For decades scientists and archaeologists believed that North America was populated by people who came from Asia across the Bering Land Bridge. Researchers called them the Clovis because of their unique tool making, which included bifacial blade technology the Clovis may have adapted later. Now that theory of the Clovis being the first North Americans seems to have been ripped asunder. Researchers have discovered 16,000 artifacts that predate the Clovis by over two thousand years.
"At the Debra L. Friedkin site, Texas, we have found evidence of an early human occupation... 2,500 years older than Clovis," said Dr. Michael Waters of Texas A & M University. "This makes the Friedkin site the oldest credible archaeological site in Texas and North America. The site is important to the debate about the timing of the colonization of the Americas and the origins of Clovis."
Problems with the Clovis model had been arising over the years. For instance, no one had found any tools like theirs in Asia where they had supposedly crossed. No one found them in South America either. But the model had vehement supporters, and until now there were never enough artifacts that could be dated properly to finally land the blow to the outdated model.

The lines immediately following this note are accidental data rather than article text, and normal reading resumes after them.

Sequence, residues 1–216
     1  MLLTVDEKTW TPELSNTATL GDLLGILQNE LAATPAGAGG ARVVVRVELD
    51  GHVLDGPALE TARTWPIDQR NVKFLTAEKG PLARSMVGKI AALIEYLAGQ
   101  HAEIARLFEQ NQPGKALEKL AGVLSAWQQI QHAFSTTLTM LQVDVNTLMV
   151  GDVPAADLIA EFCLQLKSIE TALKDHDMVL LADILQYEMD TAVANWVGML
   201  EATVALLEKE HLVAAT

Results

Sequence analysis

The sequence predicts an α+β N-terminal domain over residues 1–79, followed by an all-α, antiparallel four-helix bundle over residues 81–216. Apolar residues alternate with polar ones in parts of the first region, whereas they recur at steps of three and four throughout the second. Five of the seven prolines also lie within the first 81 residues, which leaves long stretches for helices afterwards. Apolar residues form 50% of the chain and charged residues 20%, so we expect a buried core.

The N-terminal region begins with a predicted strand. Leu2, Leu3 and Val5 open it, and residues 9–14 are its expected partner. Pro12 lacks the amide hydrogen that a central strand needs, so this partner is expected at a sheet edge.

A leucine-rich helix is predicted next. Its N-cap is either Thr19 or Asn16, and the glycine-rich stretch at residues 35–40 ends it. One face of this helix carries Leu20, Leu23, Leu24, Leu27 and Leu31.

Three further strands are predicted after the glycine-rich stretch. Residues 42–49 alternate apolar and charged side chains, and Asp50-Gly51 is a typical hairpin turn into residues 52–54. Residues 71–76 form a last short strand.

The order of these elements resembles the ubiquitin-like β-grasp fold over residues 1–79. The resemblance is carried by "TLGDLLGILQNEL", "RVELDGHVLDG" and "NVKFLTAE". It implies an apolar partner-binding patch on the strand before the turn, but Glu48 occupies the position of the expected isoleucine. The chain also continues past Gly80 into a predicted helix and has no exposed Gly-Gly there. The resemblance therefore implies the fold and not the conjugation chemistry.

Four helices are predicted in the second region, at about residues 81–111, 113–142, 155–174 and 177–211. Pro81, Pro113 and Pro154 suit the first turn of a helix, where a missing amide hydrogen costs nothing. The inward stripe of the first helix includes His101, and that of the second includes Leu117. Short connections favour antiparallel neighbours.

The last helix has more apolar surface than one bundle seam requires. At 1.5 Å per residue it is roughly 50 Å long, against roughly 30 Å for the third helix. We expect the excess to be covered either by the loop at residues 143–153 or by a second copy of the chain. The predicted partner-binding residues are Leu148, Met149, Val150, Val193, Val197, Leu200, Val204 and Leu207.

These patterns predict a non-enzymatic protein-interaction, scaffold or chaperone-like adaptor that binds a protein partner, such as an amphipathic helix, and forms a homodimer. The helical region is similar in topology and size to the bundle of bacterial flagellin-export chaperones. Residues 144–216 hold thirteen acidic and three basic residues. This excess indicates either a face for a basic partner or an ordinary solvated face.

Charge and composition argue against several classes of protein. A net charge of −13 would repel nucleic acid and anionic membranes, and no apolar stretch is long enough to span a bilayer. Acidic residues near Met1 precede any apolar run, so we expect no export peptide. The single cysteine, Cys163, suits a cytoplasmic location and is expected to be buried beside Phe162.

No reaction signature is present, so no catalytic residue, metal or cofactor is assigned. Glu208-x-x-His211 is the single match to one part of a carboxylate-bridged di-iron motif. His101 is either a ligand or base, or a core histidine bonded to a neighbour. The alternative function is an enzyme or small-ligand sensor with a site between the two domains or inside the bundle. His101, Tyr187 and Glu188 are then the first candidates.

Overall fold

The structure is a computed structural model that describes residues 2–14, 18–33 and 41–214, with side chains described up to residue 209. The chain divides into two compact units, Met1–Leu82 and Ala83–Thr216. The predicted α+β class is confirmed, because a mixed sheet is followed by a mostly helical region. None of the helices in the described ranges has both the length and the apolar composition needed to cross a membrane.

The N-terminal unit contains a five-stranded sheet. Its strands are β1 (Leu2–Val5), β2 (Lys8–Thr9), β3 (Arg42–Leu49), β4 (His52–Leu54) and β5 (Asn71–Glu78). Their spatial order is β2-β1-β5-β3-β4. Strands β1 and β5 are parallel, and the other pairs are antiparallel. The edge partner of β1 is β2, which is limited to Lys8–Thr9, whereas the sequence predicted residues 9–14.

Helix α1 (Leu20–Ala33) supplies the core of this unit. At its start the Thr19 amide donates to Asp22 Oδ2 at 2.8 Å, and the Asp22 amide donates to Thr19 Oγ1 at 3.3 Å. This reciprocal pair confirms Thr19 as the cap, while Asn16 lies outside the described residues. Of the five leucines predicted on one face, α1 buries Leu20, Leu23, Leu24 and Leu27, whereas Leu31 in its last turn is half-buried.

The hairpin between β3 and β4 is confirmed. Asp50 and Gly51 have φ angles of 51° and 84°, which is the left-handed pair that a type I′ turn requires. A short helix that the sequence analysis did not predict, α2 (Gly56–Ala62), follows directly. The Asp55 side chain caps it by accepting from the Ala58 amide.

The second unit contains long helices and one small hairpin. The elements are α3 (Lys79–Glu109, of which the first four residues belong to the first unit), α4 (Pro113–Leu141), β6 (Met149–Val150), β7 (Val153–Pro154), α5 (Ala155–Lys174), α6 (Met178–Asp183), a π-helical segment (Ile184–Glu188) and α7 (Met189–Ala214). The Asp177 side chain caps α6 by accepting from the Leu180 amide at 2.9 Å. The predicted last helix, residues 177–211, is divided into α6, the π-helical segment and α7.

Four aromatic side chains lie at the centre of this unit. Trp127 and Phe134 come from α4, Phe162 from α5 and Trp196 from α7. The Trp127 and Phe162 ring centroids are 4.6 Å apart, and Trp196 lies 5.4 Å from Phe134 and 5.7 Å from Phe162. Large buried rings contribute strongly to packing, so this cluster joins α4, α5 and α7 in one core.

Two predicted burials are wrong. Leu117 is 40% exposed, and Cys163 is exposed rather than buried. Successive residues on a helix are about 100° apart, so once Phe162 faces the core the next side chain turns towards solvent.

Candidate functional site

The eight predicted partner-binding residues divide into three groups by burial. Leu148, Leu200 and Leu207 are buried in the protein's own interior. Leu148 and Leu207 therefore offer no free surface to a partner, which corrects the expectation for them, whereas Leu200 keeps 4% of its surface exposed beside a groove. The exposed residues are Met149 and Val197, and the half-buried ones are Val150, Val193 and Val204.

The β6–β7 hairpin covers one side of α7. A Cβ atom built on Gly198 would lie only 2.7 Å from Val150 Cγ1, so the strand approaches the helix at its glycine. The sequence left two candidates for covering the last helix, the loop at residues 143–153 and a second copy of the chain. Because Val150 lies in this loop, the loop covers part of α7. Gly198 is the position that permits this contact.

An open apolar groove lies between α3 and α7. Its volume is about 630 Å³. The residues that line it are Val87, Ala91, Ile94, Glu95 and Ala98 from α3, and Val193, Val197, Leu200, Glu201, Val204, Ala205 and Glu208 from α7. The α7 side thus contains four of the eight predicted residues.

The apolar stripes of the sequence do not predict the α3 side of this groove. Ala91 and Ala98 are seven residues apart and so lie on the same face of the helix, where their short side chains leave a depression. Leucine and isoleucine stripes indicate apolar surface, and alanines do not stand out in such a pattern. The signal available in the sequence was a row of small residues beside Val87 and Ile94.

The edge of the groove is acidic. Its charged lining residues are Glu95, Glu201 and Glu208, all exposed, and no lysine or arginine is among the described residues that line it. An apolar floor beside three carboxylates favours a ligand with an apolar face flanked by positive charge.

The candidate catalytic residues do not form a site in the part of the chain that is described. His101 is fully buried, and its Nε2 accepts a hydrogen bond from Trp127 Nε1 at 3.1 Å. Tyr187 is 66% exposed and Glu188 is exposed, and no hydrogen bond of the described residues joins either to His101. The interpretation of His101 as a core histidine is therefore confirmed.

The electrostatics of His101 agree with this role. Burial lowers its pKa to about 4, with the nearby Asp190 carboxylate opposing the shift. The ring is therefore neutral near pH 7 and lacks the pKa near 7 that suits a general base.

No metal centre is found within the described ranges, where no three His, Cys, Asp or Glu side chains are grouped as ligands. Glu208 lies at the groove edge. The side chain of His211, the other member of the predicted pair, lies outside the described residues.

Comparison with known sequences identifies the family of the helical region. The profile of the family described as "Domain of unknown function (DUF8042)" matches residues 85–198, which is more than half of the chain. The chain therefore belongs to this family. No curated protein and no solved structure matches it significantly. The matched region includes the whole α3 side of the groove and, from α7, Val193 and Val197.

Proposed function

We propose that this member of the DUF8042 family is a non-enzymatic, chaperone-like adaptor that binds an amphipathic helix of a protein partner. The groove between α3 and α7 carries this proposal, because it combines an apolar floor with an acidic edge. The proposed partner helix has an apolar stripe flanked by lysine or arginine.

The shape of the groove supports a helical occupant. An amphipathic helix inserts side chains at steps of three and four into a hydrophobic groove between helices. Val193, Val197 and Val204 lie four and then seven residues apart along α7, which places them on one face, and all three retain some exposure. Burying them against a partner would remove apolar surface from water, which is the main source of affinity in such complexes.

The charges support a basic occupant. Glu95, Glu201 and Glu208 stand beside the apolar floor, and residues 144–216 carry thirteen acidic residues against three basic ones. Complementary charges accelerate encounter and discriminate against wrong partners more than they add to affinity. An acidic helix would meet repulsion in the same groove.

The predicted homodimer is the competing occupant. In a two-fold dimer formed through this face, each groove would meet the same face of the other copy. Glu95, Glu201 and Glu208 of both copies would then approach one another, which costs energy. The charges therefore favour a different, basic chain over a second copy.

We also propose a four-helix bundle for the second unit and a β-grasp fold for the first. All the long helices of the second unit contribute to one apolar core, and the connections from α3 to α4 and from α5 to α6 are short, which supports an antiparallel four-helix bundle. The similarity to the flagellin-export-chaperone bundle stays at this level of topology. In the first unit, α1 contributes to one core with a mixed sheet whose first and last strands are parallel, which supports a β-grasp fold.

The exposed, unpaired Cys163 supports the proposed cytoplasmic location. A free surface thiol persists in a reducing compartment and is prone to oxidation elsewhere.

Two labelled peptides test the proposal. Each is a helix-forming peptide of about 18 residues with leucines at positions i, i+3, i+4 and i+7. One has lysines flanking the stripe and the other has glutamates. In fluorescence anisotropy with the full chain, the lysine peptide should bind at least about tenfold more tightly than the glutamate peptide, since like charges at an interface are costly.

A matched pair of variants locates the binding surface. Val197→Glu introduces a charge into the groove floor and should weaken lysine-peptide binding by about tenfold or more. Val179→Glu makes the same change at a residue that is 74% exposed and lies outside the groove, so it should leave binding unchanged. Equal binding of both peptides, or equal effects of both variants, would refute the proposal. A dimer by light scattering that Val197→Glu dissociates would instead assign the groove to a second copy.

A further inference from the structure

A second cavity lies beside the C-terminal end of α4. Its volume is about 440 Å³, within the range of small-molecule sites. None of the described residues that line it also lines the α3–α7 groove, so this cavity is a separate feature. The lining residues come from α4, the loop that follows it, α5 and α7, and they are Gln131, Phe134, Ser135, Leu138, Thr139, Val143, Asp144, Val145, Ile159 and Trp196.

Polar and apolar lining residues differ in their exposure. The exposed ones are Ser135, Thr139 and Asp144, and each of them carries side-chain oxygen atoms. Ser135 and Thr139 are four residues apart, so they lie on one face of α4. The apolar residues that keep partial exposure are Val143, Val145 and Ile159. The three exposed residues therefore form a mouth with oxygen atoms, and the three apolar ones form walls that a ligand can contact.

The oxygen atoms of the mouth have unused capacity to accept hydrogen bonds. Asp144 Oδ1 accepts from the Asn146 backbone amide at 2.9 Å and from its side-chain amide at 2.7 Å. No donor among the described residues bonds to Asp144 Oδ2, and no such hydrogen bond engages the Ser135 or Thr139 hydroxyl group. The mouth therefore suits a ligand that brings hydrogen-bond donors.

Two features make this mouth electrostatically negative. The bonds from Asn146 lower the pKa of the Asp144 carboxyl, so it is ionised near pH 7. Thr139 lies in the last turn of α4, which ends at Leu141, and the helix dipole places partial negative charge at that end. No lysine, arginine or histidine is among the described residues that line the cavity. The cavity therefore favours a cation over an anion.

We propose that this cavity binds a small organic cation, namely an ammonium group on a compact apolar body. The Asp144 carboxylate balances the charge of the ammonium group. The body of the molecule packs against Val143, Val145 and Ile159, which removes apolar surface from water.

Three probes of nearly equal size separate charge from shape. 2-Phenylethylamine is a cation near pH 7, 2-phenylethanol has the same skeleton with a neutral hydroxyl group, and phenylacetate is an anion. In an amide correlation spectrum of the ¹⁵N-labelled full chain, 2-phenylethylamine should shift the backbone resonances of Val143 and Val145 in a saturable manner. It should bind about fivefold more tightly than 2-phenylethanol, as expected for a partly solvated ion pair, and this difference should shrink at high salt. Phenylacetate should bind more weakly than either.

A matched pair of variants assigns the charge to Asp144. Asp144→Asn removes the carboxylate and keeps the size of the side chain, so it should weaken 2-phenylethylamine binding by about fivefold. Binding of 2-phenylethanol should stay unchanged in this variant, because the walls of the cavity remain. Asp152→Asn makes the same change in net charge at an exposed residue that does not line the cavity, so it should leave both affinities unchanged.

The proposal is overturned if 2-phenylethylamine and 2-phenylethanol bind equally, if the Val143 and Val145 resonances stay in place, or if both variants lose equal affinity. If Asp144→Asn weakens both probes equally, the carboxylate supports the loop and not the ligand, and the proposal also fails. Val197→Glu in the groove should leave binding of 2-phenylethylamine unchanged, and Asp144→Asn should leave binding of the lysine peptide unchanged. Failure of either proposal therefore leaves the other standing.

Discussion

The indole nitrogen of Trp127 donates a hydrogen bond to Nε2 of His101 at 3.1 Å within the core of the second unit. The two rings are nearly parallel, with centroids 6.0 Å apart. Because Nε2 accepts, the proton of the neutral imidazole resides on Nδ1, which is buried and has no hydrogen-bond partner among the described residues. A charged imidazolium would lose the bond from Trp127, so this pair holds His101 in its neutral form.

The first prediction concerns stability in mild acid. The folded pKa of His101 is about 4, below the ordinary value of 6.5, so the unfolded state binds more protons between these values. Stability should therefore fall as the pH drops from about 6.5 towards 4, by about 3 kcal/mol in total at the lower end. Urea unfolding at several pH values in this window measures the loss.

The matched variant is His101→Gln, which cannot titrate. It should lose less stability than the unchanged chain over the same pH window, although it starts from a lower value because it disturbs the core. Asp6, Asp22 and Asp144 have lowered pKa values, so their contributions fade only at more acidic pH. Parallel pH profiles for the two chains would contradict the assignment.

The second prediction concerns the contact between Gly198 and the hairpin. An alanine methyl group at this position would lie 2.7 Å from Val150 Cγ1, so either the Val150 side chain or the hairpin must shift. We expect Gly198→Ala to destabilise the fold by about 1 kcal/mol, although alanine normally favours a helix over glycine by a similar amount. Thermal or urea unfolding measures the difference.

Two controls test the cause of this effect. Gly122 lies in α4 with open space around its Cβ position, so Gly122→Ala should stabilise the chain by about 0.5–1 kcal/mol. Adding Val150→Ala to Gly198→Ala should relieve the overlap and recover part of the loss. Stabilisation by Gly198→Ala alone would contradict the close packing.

Instead, the people who were called Clovis or known by their Clovis tools were seen to have had 2,500 years to develop new ways to work with flint and chert and come up with unique and distinctive tools.
"This discovery challenges us to re-think the early colonization of the Americas," said Dr. Waters. "There's no doubt these tools and weapons are human-made and they date to about 15,500 years ago, making them the oldest artifacts found both in Texas and North America."